I didn’t get a chance to watch “Animal Rites,” the 10 April episode of Numb3rs, until the middle of the week, so technically it’s last week in television, but I’m talking about it this week, because I think it bears some discussion.

Basically, this episode really pissed me off. The story revolved around a fringe animal rights group entering a lab to free the animals, and accidentally killing a researcher. As the episode progresses, it is revealed that one of the activists has schizophrenia, and the episode culminates in a hostage situation in the lab with two additional researchers.

The entire episode was really denigrating towards animal rights activists, vegans, and vegetarians, and it felt like the script was written by total experimentation apologists. Only at the end of the episode does one of the characters deign to acknowledge that there are some tricky ethical issues going on, but it’s framed in the context of him pursuing a woman, not genuinely coming up with these questions on his own.

I am totally opposed to animal experimentation in all forms. I have some very sound scientific and ethical reasons for my opposition. I didn’t see any of these issues addressed or brought up in this episode. Instead, the story was framed in a way which was obviously intended to make viewers think that animal rights activists are all crazed and psychotic with no respect for human life, and little capacity for rational thought. And yeah, there are animal rights activists like that. But there are also people like that, and I am sick and tired of the way that animal rights is treated on television.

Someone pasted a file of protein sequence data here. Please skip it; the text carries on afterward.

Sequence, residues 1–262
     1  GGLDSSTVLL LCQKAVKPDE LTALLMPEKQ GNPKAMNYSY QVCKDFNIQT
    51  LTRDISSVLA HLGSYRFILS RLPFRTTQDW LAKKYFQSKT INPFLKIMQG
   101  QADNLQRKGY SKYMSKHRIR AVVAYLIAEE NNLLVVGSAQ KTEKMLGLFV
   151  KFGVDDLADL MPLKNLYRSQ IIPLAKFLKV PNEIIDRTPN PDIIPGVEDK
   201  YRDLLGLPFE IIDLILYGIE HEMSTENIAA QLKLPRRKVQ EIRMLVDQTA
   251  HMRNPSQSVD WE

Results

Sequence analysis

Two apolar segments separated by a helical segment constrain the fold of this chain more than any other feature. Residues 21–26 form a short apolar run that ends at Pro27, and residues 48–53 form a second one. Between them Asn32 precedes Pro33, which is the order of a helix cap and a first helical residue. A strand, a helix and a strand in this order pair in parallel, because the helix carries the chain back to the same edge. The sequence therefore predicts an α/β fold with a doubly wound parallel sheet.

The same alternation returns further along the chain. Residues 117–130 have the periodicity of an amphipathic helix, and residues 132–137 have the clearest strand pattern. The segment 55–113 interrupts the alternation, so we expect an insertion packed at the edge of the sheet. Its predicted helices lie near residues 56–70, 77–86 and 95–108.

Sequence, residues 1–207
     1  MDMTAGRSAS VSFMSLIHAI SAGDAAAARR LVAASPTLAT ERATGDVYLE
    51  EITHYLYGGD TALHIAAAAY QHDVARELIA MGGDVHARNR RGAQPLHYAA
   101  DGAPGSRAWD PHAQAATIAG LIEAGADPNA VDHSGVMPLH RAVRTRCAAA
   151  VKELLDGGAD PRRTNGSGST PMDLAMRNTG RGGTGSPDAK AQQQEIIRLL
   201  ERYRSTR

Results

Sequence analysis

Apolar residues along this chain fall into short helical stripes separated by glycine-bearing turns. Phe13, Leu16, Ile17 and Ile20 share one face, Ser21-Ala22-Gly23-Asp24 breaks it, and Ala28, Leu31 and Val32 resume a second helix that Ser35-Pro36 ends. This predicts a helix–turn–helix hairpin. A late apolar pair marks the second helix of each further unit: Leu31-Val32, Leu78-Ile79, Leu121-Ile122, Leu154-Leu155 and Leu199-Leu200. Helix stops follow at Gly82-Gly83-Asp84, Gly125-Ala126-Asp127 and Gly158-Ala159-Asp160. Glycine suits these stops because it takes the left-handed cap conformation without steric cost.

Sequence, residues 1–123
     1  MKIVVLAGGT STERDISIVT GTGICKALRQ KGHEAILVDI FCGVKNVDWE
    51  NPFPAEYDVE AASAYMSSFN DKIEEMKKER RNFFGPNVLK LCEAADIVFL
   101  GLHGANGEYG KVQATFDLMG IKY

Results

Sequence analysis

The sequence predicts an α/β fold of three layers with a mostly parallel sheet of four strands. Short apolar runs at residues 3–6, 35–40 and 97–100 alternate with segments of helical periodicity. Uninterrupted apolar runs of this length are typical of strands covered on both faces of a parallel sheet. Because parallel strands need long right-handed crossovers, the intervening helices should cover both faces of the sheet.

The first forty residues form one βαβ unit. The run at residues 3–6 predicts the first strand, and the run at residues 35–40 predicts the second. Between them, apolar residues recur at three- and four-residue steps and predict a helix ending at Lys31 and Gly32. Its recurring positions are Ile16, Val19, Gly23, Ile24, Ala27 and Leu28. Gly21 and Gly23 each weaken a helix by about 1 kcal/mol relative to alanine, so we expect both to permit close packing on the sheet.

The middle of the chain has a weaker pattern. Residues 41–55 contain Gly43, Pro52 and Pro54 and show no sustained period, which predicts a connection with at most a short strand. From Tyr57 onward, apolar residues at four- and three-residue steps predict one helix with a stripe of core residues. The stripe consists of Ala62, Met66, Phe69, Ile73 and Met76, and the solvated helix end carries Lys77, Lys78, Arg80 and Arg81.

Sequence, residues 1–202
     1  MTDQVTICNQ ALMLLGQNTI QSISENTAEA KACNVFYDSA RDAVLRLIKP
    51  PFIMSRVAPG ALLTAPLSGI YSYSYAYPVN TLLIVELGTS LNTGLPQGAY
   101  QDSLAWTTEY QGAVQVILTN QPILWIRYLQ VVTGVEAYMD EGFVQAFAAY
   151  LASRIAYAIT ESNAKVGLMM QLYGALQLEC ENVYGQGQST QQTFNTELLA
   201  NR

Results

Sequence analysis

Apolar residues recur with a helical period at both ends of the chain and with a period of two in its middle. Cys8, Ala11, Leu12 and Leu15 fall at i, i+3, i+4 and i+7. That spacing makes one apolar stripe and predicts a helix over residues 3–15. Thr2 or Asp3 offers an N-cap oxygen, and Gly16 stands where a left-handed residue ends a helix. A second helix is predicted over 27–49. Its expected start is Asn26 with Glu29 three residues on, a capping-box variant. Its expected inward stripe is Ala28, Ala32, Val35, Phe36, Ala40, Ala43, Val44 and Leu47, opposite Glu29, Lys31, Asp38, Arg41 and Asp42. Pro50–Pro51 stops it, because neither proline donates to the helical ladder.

Woo hoo, double episode week! Actually,  I don’t have that much to say about Bones, except for “woah, they are ramping up the sexual tension between B&B, big time.” Oh, and they made a factual mistake in “Mayhem on a Cross” when they assumed that because the body hadn’t been embalmed, it hadn’t been buried in a cemetery. Embalming is not required for burial, and people do have the right to refuse it. I’m kind of surprised that they got that wrong, but I guess it speaks to the corporatization of funeral culture in this country, that people would just assume you can’t be buried without being embalmed.


No Dollhouse this week, alas! But I haven’t been Whedon-deprived, because I’m watching some pertinent Angel episodes to get ready for my next installment of the Joss Whedon/feminism series. You know, it’s weird, but Angel really was overall a weaker show (see: the whole Connor plotline. And Jasmine.) until the fifth season, when it started to rock. “Smile Time,” “Life of the Party,” “The Girl in Question,” and “The Cautionary Tale of Numero Cinco” are all totally awesome episodes. You know how it goes, you put the disc in with the intent of watching “A Hole in the World” and you just get sucked in…

2 Replies to “The Week in Television”

  1. Nope, it just wasn’t scheduled to air last week; I think it’s because Fox was relaunching Prison Break? All of Dollhouse is definitely going to air, no matter what, according to Fox.